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January 16, 2018

12/27/2017 9:22:00 AM
Police Exonerated in Arresting of Two 12-Year Olds for Riding on a Bike
By Shawn Jones


The summer arrest of two juveniles for being passengers on a dangerously-driven bicycle resulted in a parent’s filing a formal complaint about the police’s handling of the incident on Aug. 7. The result was finally discussed at the Dec. 4 meeting of the Human Services Committee, the Committee responsible for receiving and reviewing all reports concerning citizen complaints about police officers.

The report detailed an encounter and its aftermath that City Council and many members of the public learned about since the date of the police action in July 2017. At that time, a large gathering of youth in downtown near the Burger King on Orrington Avenue resulted in the police being called.

A bike – controlled by one youth, but with passengers on the handlebars and on the pegs protruding from the rear axle – rode out across Sherman Avenue. “Two motorists had to slam on their brakes to avoid hitting the juveniles,” according to the report. The youth entered Starbucks, where the two bike passengers were arrested. They were placed in a paddy wagon and taken to the police station for processing. The report said the police could not find the bike’s operator.

At the station, the report says, the two youth were given what under Illinois State law is known as a “formal station adjustment.” In contrast to the more relaxed “informal” station adjustment, a “formal” adjustment under State law may carry consequences, such as statutorily mandated reporting to the State, an admission of guilt, the functional equivalent of probation (e.g., consequences if the behavior is repeated), and parental agreement, via signature, to a corrective plan.

The report found the arresting officers were not at fault, saying the decision to transport the two 12-year-old youth to the Police Department was part of the decision to take them into “protective custody to eliminate the possibility they would become victims of an accident.” One member of the Citizens Police Advisory Committee disagreed, but the others concurred with the assessment the officers did nothing wrong.

The investigation did find fault with the police for issuing a formal rather than informal station adjustment but essentially determined the police meant well and the forms used were confusing.

The “errors” were “attributed to the higher-than-normal number of officers involved in disposition of the incident [four officers were involved in arresting and transporting two young bicycle passengers] resulting in misunderstanding and confusion that clouded the reports and prevented issuance of the correct station adjustment form,” according to the report.

The report recommended “modification of the departmental station adjustment forms, unit-wide training, and department-wide roll-call training.”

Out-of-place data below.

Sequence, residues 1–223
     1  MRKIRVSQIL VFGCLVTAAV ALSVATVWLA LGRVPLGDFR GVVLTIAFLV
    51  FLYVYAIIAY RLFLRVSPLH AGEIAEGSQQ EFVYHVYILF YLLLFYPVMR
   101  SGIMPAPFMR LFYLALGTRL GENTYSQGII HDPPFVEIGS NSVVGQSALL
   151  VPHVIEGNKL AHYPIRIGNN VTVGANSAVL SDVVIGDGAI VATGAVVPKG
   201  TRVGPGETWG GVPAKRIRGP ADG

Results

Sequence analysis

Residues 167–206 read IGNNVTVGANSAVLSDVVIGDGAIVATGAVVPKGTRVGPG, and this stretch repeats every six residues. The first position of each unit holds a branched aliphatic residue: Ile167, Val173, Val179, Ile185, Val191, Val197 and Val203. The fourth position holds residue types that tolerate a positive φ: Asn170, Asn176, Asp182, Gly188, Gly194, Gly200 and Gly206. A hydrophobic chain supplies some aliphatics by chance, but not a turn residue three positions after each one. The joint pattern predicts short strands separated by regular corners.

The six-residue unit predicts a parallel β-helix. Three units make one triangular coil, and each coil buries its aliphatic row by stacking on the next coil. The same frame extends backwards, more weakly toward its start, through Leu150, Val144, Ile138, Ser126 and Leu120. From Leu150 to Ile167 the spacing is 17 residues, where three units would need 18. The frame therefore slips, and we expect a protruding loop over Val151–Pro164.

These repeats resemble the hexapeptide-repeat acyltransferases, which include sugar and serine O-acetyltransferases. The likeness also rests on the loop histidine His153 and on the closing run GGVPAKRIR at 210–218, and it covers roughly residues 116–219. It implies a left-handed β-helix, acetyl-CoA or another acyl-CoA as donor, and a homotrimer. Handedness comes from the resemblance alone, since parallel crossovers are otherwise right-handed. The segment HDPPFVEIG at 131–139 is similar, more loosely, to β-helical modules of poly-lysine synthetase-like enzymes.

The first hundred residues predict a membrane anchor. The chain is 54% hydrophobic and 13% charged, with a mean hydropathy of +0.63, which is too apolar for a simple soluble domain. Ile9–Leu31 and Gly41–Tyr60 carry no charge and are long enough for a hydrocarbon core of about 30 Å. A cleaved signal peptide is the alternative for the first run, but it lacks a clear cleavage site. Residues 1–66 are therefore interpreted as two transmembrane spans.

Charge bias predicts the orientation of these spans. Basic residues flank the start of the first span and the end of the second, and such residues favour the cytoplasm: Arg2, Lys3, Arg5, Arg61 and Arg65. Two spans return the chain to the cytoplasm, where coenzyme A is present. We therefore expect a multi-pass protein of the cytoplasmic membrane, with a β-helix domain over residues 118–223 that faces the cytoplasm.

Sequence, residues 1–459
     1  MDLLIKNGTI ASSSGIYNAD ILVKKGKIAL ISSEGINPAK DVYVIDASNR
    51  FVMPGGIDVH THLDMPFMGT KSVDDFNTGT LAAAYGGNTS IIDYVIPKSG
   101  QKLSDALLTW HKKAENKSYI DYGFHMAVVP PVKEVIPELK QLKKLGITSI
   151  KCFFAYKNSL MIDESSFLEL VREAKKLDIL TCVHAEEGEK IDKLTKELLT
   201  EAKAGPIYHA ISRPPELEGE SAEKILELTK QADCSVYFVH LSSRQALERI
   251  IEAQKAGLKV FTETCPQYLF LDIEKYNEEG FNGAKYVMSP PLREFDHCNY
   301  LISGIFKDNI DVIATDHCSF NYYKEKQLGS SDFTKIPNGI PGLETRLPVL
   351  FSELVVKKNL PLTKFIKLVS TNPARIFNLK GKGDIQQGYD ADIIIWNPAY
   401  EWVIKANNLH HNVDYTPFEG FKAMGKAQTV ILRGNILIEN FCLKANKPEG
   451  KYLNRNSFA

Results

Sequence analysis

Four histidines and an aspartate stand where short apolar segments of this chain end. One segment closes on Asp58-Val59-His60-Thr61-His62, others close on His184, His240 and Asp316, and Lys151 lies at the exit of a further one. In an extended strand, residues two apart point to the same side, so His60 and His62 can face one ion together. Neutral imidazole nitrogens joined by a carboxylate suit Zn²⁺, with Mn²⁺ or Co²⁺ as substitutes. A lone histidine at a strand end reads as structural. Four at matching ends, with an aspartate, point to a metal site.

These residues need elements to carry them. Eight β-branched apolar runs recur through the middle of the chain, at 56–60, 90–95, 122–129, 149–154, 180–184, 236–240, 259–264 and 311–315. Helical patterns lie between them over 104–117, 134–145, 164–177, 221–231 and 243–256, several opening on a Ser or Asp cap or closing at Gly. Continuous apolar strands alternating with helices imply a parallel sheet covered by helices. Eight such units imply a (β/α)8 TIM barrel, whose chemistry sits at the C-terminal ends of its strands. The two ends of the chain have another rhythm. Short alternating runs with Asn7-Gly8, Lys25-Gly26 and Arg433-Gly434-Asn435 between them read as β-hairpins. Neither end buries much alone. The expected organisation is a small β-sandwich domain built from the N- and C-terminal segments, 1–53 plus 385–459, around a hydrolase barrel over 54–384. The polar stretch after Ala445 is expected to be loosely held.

Rob Bady, who is African American and the parent of one of the arrested youths, speaking to the Committee after reviewing the report, said, “We still have a problem.” He described a recent weekend when his child went downtown with a friend “who happened to be white.” Mr. Bady admitted thinking, “He’ll probably be safe. If they do something, they’ll probably get to call home …

“This is hard. We are trying to make strides,” said Mr. Bady. “I love our police, but, Chief, you got this one wrong.” He said the family was only looking for a simple apology. “We got a letter of regret from the City Manager, which I appreciated… I am still waiting to hear from the Mayor.”

He called for a summit similar to the 2009 summit called by President Obama with Henry Louis Gates, a prominent black professor who was arrested outside his home in Boston. The president arranged a “beer summit” then, at which the officer and Dr. Gates sat together and shared a drink.

“How about these officers sitting down with my son over a soda pop? Well, soda pop, he doesn’t drink it,” but something. He emphasized: “The bike infraction was not an arrestable offense. I want them to know – they got it wrong.”

Mr. Bady said he did not sue the City and did not plan to, but he asked that his child’s record be expunged.
“Let’s move forward together,” he said.

Police Chief Richard Eddington said the decision to arrest the kids and take them to the station was for their safety. Officers decided to “extract these kids from their continued unsafe acts….” But he admitted “too many people handled it.” The department continued to review policies and find ways to “avoid taking juveniles into custody if at all possible.”

He and City Manager Bobkiewicz agreed to meet with Mr. Bady and his son, though.

“Hopefully there is reconciliation for Mr. Bady and his son,” said Alderman Cicely Fleming, 9th Ward.







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